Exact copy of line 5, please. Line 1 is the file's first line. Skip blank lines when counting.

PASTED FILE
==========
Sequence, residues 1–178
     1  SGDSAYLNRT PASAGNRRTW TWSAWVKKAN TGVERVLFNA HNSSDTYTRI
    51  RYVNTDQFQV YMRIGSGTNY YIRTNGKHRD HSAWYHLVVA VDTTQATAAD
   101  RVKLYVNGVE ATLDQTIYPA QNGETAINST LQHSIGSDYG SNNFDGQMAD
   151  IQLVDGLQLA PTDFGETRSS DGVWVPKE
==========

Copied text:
   151  IQLVDGLQLA PTDFGETRSS DGVWVPKE